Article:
Talking About Death for Better Living – The Salon de la Mort (Part 2)

April 12, 2011 Parc des Buttes Chaumont

Have you ever thought about how even within a season like Spring, there is a birth-death-rebirth cycle?

When I was in the Parc des Buttes Chaumont with lovely blogger Linda Mathieu of Frenchless in France a couple of weeks ago, I noticed how a lot of the spring flowers which were at their peak a week or so earlier were starting to look past-their-prime and beginning to fall off the trees, making petal confetti on the walkways. (In fact, Linda has some photos of that day, too. She shows the petal confetti perfectly!) It made me think about how those spring flowers die to make way for richer, more verdant summer leaves and ripe fruit. Later, of course, these things fall to the ground, too, and summer makes way for fall, and then we do it all again, at least in climates that have this kind of four-seasons pattern.

What with Easter just around the corner as I begin to write this (and just beyond us as I finish), the idea of birth-death-rebirth resonates. It is a good time to post my report on the Salon de la Mort, the Death Expo,which was held in Paris on April 8, 9, and 10th.

(If this is feeling familiar, it’s because I wrote the Part 1 post here, introducing the salon just as it was happening.)

To learn more about my impressions of the opening night for the press and other advance visitors, please continue reading.

Fallen petals make confetti on the walkways.

(Short attention span? Like me as a person, but hate my long posts? Check out this under-300 word summary on my Posterous site! )

Paul and I arrived at the Carrousel du Louvre a little before 5 pm on April 7. I had never been down to the underground shopping area before, and one reason was because I had wondered about how people get inside**. I learned that there is an entrance at 99 rue de Rivoli (which is here — the Google Maps street view).  One goes in the entrance, down the escalators, et voilà, there you are. Easy peasy, right? Well, now I know, and so do you.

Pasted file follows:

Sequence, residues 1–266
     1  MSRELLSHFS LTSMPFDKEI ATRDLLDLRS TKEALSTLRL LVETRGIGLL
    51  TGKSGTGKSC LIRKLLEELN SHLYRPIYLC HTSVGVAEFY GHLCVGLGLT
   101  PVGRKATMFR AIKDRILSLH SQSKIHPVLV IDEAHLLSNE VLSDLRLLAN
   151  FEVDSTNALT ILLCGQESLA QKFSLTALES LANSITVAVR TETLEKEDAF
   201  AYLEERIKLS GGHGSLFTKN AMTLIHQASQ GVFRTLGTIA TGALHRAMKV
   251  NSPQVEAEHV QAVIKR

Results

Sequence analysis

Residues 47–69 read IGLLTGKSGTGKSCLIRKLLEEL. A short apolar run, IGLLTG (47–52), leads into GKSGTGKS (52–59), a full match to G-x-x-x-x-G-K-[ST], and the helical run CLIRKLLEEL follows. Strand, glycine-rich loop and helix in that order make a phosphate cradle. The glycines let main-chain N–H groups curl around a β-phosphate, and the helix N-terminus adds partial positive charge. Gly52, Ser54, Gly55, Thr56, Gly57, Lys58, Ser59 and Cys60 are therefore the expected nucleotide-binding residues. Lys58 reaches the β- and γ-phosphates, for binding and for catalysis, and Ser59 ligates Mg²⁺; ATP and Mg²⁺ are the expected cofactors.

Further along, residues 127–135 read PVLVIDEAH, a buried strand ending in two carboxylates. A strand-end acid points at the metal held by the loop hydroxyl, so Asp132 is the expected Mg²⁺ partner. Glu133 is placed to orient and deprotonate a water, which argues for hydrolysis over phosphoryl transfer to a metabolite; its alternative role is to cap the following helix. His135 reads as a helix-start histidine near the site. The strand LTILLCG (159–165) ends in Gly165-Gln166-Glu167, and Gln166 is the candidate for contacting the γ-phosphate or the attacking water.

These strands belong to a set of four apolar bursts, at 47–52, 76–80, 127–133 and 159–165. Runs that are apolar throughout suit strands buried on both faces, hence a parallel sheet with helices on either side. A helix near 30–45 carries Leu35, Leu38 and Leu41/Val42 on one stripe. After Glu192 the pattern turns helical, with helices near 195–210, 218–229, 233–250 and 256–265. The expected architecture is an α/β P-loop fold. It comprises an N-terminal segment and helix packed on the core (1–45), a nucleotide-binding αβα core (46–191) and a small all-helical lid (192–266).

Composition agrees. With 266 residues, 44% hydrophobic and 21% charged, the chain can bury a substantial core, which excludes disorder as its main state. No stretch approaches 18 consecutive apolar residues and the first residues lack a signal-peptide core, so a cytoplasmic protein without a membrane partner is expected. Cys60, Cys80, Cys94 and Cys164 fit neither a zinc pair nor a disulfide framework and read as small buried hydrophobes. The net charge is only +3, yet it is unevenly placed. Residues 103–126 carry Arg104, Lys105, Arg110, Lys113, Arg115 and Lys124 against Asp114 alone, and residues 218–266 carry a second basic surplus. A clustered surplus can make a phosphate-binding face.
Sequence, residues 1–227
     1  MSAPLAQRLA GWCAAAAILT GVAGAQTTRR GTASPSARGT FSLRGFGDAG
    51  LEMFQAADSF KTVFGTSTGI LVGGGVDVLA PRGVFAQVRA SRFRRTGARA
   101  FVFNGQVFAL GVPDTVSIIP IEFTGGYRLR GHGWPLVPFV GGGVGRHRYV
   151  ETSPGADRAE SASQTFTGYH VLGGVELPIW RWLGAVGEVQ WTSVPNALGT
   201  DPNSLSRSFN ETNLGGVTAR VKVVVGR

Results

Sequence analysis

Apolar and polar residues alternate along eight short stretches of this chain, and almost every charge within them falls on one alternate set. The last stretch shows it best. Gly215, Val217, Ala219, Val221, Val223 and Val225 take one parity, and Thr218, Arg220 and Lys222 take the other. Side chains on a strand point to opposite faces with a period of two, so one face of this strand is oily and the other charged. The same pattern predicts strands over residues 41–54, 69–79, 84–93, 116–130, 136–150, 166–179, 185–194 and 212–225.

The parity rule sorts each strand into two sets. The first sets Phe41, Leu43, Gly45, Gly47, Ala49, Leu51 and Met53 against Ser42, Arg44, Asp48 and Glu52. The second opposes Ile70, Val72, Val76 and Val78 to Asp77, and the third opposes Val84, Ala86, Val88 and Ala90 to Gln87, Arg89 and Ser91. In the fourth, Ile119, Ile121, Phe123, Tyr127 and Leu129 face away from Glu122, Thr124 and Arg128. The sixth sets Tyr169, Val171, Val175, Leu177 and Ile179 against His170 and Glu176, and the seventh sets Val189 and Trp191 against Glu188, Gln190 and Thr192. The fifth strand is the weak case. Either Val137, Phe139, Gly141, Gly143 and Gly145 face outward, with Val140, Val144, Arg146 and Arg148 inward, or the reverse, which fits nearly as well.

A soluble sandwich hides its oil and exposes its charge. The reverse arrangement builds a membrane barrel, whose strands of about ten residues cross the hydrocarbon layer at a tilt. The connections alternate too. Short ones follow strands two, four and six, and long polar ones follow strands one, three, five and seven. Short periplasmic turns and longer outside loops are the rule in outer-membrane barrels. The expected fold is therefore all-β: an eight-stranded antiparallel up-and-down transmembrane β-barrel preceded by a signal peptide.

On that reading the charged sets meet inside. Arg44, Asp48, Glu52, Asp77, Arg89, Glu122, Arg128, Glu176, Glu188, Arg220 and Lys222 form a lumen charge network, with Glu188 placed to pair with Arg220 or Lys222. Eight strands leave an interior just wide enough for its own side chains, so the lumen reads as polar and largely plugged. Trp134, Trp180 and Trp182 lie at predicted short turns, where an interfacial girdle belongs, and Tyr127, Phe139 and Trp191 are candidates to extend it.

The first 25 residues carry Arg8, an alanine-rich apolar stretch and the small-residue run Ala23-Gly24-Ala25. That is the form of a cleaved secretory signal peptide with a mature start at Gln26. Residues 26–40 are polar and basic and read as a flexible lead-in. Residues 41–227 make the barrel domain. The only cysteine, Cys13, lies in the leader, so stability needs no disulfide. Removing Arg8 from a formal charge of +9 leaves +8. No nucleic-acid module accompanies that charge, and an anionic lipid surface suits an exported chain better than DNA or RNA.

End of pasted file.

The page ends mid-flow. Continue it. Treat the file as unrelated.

(** I understand how this should be a no-brainer. Obviously, you have not been inside of *my* brain lately, have you. 😉 )

Le Carrousel du Louvre

One of the features of this underground shopping mall, which also connects with the entrance to the Louvre, is the “inverted pyramid” mirroring the one above it in the Louvre courtyard.

The inverted pyramid is down the hallway.

Here is the inverted pyramid, a little closer.

According to GoParis at,  “open 7 days a week, the Carrousel du Louvre features dozens of shops, a gourmet food court with 14 restaurants, and an elegant and airy setting.” One of the big and popular stores we passed going to the exhibition hall was the Apple Store.  You can see a smidgen of it on the opening page photo at the Carrousel du Louvre website. We didn’t go in.

Another interesting thing on the way to the exhibit space were the vestiges of the Medieval palace walls.

"Escarpment" walls -- like those surrounding a moat.

There is a nice photo and some explanation in French — I used Google Translate to get the gist — at this link here: Paris –> Musée du Louvre –> château du Louvre médiéval et enceinte de Paris.